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Mimicking a struct in Java

Nick St-Peter
Greenhorn

Joined: Feb 12, 2005
Posts: 26
Hi!

I was wondering how can I mimick a C struct in Java so that
I could do something similar to this

aStruct = { "Hello", 1, 2.3 }, { "Hi", 2, 6.2 }, { "Thanks", 3, 7.4 } }

My problem comes from the fact that my array contains different types and I want to build it already initialized.

Any suggestion?

Thanks!

Nick
Stan James
(instanceof Sidekick)
Ranch Hand

Joined: Jan 29, 2003
Posts: 8791
You could get close. See if this does what you want:

Probably won't compile as shown ... since everything is Object you'll have to wrap primitives with objects like Integer and cast everything back to something useful later.


A good question is never answered. It is not a bolt to be tightened into place but a seed to be planted and to bear more seed toward the hope of greening the landscape of the idea. John Ciardi
Michael Dunn
Ranch Hand

Joined: Jun 09, 2003
Posts: 4632
another way, maybe

Nick St-Peter
Greenhorn

Joined: Feb 12, 2005
Posts: 26
Hi!

Both of your suggestions work so I guess I'll have to see which one turns out to be the most suitable to do what I want to do...

I had tried to do something similar to both of your suggestions and could never get it to work...

It turns out one of my main problems was that I was forgetting to use "new" to create(instanciate?) an object when I was declaring it (actually them) in the array.

BTW, for some weird reason I was unable to cut & paste from the forum to Eclipse (it only pasted one character), weird...

Thanks for your help!

Nick
Layne Lund
Ranch Hand

Joined: Dec 06, 2001
Posts: 3061
I'd like to point out that variables should usually have private access. This is part of the whole encapsulation and data-hiding paradigms which are part of Object Oriented Programming. If you want more information, you should be able to use some words from this post in a google search.

Layne


Java API Documentation
The Java Tutorial
Nick St-Peter
Greenhorn

Joined: Feb 12, 2005
Posts: 26
Hi!

Originally posted by Layne Lund:
I'd like to point out that variables should usually have private access.


I am assuming you mean by that declaring the variables/attributes private and using getters and setters.

I guess from that standpoint the preferable solution would be to convert everything to objects and later casting them back/converting them back to their original data type (Mr James' solution).

Both solutions have their trade-off but I feel they are both better than what I am trying to avoid by using them (hardcoding and manually determining things which are best done programmaticly).

The rest of the program I am currently writing actually uses (and will probably solely use) private variables/attributes...

This is part of the whole encapsulation and data-hiding paradigms which are part of Object Oriented Programming.


This can also be done in non object oriented languages but you are right in saying that it is more the norm for object oriented languages (I've actually
used similar techniques (data-hiding, getters and setters) relativly frequently in a non object oriented language).

If you want more information, you should be able to use some words from this post in a google search.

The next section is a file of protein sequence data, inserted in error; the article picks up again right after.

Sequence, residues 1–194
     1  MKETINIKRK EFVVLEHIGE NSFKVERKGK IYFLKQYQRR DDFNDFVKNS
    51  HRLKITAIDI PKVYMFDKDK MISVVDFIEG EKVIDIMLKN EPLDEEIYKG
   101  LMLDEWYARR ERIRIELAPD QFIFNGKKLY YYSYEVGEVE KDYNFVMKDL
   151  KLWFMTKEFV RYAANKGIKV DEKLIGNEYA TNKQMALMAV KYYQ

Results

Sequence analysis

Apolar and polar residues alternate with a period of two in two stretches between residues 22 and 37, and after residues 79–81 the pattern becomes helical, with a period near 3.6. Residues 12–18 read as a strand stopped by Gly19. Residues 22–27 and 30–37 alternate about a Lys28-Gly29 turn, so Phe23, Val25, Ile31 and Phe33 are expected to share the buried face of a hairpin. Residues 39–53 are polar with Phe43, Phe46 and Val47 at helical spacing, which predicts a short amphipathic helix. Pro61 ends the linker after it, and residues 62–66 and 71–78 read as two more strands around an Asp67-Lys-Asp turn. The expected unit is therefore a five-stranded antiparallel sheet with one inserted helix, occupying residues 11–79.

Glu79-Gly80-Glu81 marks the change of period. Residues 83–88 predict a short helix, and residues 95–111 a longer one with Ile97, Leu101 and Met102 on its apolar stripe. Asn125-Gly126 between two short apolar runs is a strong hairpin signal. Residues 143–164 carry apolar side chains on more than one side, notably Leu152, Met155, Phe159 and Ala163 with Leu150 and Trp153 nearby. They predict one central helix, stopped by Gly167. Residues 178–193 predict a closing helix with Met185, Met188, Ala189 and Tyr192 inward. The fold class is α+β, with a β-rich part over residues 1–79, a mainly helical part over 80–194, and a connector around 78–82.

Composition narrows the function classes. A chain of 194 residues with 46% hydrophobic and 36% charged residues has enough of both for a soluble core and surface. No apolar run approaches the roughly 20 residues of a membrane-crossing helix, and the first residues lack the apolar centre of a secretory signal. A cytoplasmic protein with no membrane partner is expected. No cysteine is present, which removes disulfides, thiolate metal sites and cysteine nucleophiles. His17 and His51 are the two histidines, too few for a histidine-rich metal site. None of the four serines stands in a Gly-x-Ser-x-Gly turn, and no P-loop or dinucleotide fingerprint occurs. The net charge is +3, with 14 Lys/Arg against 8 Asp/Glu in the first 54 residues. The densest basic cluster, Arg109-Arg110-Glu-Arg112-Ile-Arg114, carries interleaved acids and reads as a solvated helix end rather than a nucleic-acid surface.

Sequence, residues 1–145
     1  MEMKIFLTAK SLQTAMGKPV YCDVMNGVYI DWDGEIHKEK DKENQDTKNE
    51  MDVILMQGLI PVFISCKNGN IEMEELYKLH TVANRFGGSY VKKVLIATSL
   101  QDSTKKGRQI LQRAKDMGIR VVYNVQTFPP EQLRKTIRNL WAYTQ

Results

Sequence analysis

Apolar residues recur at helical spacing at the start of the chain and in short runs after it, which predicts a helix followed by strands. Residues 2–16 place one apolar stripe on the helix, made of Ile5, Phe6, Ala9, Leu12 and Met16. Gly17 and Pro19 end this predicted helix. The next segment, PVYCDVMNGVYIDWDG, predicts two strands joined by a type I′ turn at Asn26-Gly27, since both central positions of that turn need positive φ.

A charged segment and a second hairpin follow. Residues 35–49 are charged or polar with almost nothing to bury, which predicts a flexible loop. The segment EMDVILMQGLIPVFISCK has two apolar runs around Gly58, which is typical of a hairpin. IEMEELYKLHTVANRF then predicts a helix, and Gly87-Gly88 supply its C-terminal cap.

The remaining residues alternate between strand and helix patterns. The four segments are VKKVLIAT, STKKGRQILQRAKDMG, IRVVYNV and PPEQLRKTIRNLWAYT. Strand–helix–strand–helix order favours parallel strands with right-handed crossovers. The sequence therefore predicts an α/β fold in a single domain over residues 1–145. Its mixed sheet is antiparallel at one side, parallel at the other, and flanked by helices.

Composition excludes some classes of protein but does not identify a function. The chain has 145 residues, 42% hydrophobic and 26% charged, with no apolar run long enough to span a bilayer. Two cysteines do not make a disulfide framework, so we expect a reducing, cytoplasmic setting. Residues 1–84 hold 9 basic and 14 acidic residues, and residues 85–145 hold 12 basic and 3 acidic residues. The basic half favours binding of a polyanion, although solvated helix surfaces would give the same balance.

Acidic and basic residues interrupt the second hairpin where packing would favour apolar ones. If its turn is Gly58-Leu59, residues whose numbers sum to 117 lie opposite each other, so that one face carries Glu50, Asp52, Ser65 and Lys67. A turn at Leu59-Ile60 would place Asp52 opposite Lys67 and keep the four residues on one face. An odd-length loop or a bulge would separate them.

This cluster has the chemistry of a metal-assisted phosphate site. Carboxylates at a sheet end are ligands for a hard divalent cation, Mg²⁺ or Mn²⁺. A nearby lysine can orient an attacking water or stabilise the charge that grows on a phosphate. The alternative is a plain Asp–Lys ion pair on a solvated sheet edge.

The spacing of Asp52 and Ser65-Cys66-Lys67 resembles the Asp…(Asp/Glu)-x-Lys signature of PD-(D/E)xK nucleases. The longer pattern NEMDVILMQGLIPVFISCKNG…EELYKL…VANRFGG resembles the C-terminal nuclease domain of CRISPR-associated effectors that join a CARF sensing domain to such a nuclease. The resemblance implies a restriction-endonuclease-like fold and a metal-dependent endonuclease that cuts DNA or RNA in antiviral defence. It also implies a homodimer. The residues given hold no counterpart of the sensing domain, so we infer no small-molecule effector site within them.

Layne


Thanks for your input!

Nick

PS: Is there a way to preview a post before "posting" it?
Stan James
(instanceof Sidekick)
Ranch Hand

Joined: Jan 29, 2003
Posts: 8791
BTW: I like Michael's answer with little objects better than my own. I'd recommend trying it to get a feel for making little classes that make the rest of the code much easier to manage. I just didn't want to go that far in one step.

If I have a little private inner class that's just mimicking a struct I don't always make the variables private and add get/set methods. But if there is any chance you'll have some behavior around those variables, think about making them private and putting the behavior in your little class so you don't even need a get.

For example, I inherited a little logging criteria object from a vendor package with code like this:

and refactored to

That's a TINY improvement, but keeps knowledge of how we match in the right place so it will be easier to maintain over time. It also removed two get methods for less code & lesss risk of misuse of the variables in the future.

Hope that helps!
Nick St-Peter
Greenhorn

Joined: Feb 12, 2005
Posts: 26
Hi!

Originally posted by Stan James:
BTW: I like Michael's answer with little objects better than my own. I'd recommend trying it to get a feel for making little classes that make the rest of the code much easier to manage. I just didn't want to go that far in one step.


No problem... While I did end up using his answer I learned from yours too...

If I have a little private inner class that's just mimicking a struct I don't always make the variables private and add get/set methods. But if there is any chance you'll have some behavior around those variables, think about making them private and putting the behavior in your little class so you don't even need a get.


It serves the same purpose though (data isn't directly accessible and must be accessed through these methods though in this case it's an interpretation of it and not the data itself).

I realized after posting my reply to Mr Lund that I could at least use getters but had completly forgotten to make the variables/attributes private until I read your reply.

Hope that helps!


It sure did! Thank you very much for your help!

Nick

PS: Now if I can just get this callback function/Interface working...
 
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